Thursday, May 29, 2014

Georgia tries to salvage rural hospitals as limited ERs

Susanna Capelouto reports from Folkston, Georgia, population 2,502, where the 25-bed Charlton Memorial Hospital closed last summer.  Indeed, four of Georgia's 65 rural hospitals have closed in the past two years, while many more have cut services due to shrinking budgets.  Capelouto describes the dynamic that led to Charlton's closure:  "a lack of high-tech specialty care, a big drop in local funding and populations that were getting older and poorer."

The hospital was the second largest employer in Folkston, but now it's down to a skeleton staff keeping track of medical records.  Indeed, the hospital director says they have 
maintained hope that we're going to open back up.  We've not sold any of our equipment. Everything is ready.
Now, the folks at Charlton Memorial may get the chance to re-open, on a limited basis.  Georgia is offering a new kind of license that would permit hospitals like Charlton to become "rural free-standing emergency departments" to handle "run-of-the-mill urgent care, such as broken bones."  In addition, these ERs would stabilize patients before they are transferred to larger, better equipped hospitals.  

Clyde Reese of the Georgia Department of Community Health explains:  
The intent here is to have some kind of health care infrastructure in a community, as opposed to nothing at all.
This is a first step of not just looking at hospitals but at health care in general in our rural areas. 
As far as Reese knows, Georgia is the first state to try this approach.  He doesn't know how the units would be funded except that Medicaid and Medicare could pay for some of the services, at reduced, non-hospital rates. Indeed, the politics of Medicaid expansion (or lack thereof, in Georgia) play into all of this, but you'll have to read the rest of the story for more details on that.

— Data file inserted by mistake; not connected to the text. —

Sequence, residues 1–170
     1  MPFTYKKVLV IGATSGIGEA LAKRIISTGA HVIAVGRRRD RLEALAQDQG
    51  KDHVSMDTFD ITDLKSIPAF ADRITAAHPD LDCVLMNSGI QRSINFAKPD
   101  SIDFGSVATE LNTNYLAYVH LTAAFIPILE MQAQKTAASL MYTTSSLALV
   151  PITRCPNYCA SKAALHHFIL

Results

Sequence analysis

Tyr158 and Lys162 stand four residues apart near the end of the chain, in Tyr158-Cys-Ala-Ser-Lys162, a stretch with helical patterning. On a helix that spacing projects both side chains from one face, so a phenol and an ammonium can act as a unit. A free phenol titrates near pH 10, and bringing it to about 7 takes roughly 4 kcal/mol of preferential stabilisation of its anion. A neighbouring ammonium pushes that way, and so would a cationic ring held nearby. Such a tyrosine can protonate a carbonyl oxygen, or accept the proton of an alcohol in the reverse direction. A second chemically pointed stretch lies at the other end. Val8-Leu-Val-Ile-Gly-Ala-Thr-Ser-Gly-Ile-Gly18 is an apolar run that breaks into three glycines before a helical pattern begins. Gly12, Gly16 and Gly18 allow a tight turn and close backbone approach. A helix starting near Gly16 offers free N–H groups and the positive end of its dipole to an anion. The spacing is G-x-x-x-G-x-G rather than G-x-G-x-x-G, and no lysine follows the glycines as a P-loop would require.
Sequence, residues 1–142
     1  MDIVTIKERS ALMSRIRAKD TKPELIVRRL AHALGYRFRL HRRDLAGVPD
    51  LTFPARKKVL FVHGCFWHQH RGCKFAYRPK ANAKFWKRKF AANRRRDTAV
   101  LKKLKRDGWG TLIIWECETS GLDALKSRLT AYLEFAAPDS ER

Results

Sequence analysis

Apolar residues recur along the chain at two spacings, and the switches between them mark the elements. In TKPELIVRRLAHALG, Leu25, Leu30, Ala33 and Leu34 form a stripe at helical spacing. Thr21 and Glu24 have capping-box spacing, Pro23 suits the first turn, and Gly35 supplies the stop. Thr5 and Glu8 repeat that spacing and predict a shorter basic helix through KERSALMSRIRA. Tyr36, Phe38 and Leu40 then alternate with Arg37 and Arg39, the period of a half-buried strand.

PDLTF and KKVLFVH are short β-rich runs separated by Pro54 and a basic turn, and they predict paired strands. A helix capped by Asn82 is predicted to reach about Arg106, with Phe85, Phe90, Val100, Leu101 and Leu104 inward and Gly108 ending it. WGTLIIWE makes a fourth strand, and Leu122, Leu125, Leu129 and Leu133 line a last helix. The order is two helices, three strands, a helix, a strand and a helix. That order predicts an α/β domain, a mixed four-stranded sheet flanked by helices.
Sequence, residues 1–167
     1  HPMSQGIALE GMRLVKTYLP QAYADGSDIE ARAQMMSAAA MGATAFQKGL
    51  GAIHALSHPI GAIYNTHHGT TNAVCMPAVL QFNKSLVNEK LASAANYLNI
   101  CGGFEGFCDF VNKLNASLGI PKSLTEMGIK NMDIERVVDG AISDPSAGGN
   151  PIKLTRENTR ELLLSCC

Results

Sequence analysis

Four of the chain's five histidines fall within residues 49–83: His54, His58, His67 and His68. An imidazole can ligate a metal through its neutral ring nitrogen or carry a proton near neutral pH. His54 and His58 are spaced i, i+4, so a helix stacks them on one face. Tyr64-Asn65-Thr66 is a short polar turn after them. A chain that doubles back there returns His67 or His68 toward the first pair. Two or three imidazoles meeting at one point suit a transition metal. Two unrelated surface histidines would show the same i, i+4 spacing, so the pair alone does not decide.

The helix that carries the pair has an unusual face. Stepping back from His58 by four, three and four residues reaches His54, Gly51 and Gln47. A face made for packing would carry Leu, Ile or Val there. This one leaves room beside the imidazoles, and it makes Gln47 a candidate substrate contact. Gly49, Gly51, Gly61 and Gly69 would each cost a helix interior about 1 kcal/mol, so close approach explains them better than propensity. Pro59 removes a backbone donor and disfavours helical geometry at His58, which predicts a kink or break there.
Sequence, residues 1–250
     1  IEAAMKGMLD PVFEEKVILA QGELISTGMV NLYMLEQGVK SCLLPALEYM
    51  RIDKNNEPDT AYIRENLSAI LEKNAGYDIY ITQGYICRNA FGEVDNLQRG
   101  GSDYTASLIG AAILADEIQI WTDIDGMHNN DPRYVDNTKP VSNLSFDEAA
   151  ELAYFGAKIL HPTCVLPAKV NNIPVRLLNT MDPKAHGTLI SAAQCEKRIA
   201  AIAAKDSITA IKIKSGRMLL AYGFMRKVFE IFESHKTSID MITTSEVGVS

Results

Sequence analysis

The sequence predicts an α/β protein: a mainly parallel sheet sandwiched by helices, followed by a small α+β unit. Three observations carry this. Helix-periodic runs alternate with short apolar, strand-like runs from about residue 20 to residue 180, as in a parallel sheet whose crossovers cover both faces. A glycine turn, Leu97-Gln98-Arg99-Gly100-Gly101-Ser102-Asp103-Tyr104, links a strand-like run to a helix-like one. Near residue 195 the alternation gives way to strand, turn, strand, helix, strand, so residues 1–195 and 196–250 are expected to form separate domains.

Folkston is the county seat of nonmetropolitan Charlton Countypopulation 13,255, in far southeastern Georgia. 

Wednesday, May 28, 2014

Black, white and poor in rural Arkansas: the passing of Maya Angelou

This morning, the New York Times reported the death of Maya Angelou, at age 86.  The story includes this paragraph:  
As well known as she was for her memoirs, which eventually filled six volumes, Ms. Angelou (pronounced AHN-zhe-lo) very likely received her widest exposure on a chilly January day in 1993, when she delivered the inaugural poem, “On the Pulse of Morning,” at the swearing-in of Bill Clinton, the nation’s 42nd president, who, like Ms. Angelou, had grown up poor in rural Arkansas.

Tuesday, May 27, 2014

The contemporary American West, in photos

See NPR's feature of Frontcountry, a new photo book by Lucas Foglia.  Chris Benderev describes the collection in his piece for NPR as "edited against" typical characterizations of the American West "in simple, iconic images: the cowboy, the miner, the farmer."  According to Foglia, "The pictures wander on purpose."